VIEWBUG community member and awesome photographer KnutAageDahl shares 3 tips on how to photograph reflections and some insights on the process behind his photos.

Reflections are beautiful in landscapes to create balance: draw the attention towards your main subject or be in the foreground, like a pond that reflects the dramatic sky in the foreground and a mountain in the background. It is a great tool to enhance the main subject, like the Aurora Borealis reflecting in the sea. It is a kind of tease to your eyes and drags them into the photo.

Early morning is usually the best time to photograph reflections. For other types of photos, you can use mirrors to include some parts of the scene that otherwise is not possible or to reflect light directly to your subject. Here is an example: have someone stand at the pond and take a photo including their reflection. Have your main subject walk away and leave his shoes behind. Then stitch the shoes in photoshop to make it look as if only the shoes reflect in the water. There are rules created to guide you, not to be an obstacle but sometimes you need to ignore the rules to get the image you imagine or that you want to create.

For moving water I recommend using an ND filter, reducing the texture, and smoothening the water out to make a mirror out of it, also, for an easier shot take pictures at lakes or the sea when there is little or no movement at all.

KnutAageDahl shares the specifics behind this creative and gorgeous photo:

What are you trying to capture?
I try to capture the mood of these old docks- old wise and experienced docks. I wanted to give motion with long exposure as if they have stood there for a long time with a balanced composition to bring out the feelings of stability and continuity.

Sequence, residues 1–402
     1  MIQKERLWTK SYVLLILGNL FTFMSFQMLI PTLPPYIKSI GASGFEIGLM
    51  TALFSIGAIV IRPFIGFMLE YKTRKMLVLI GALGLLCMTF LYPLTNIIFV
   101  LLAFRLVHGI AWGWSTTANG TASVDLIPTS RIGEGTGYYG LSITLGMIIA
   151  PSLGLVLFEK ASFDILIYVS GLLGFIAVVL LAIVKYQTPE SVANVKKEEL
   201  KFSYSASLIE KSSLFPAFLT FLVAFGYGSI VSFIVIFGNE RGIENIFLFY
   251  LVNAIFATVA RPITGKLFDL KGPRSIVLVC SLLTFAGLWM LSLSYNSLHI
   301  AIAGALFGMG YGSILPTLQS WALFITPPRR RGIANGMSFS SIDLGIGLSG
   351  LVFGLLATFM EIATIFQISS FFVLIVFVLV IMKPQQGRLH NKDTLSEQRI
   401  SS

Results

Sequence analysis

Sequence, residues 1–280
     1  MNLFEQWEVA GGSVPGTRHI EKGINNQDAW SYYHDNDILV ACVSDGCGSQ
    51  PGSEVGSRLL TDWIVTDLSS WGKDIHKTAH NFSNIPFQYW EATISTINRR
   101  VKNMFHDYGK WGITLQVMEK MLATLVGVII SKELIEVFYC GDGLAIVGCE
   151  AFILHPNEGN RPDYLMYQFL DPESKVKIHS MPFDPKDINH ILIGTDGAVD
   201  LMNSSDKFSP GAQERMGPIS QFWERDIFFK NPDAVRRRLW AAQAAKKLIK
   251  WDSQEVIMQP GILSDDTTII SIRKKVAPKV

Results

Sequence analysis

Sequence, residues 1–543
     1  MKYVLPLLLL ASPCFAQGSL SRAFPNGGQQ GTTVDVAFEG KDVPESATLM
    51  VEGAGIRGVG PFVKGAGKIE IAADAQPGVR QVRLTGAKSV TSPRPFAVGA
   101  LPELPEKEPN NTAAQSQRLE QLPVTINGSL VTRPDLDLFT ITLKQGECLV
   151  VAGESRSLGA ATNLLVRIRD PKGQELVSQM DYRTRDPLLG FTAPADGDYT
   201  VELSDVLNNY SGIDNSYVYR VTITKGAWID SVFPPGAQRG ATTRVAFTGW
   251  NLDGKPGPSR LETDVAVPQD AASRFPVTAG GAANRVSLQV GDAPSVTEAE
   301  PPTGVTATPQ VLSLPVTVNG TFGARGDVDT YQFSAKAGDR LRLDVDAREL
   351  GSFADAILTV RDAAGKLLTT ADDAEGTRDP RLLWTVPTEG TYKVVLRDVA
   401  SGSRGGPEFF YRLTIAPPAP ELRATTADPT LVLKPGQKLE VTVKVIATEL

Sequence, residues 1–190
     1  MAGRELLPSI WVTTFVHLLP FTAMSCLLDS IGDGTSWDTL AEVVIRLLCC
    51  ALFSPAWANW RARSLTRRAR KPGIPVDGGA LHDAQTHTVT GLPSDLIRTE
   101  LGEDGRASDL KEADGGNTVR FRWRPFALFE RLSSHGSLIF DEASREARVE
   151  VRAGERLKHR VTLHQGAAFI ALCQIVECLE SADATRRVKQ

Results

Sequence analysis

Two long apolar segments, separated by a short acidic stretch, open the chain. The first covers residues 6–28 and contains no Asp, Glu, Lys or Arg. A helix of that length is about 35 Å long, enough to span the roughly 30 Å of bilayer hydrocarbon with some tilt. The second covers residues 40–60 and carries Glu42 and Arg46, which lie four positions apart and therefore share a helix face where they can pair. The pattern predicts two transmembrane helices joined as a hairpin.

How do you know if it’s visually interesting?
I know it is by looking at the depth of the picture: color, contrast, and composition. Also, basic techniques such as leading lines, motion, and rules of thirds can also be used. As a final check, I look at the photo with my eyes partly closed and see a blurry layout and if that looks good, I know the composition is great. I also check for items I don't want in the frame and those I want to include.

Are you thinking about perspective?
Yes.  It all depends on what you want to enhance, what you want the viewer to focus on, and what is your story. I wanted my docks to stand out from the reflections and colors, and I used other parts to enhance just that. The foreground leads the eye, and the drawn-out sky does the same and creates some motion.

Are you using a tripod?
I almost always use a tripod when shooting landscapes, mostly due to the fact that I often use my LEE BigStopper and partly because I love the look on iso 50 and iso 100. I have learned that If I shoot on iso 50 and avoid blowing out highlights, I can open up more in the shadows. If I use iso 100 I can save more of the highlights.

What time of the day was it shot?
This was around 16:00 o'clock. But the partly overcast sky creates an interesting look. Like the sky used a softbox.

What aperture settings are you using?
I use all different apertures when taking landscape pictures. I know my lens well, but mostly I take photos from f/7.1 - f/14. I've found that it is the sharpest at 7.1 and controls CA best at f/14. f/22 is for when I want more exposure time or when I'm lazy and don't bother checking the focus. I know what it needs to be to create a great DOF and focus on f/22 by looking at the lens and not using live view.

How are you choosing to stay close or far from the subject?
It depends on how I want to compress the subject. If got room to move and what I want to enhance, I divide the picture into 3 categories: foreground, mid-ground, and background. My main subject was in the mid-ground, so I had to make the mid-ground stand out. Since I used a wide-angle lens, I had to move out from the foreground so I wouldn't make the rocks too big and take away the attention from the docks.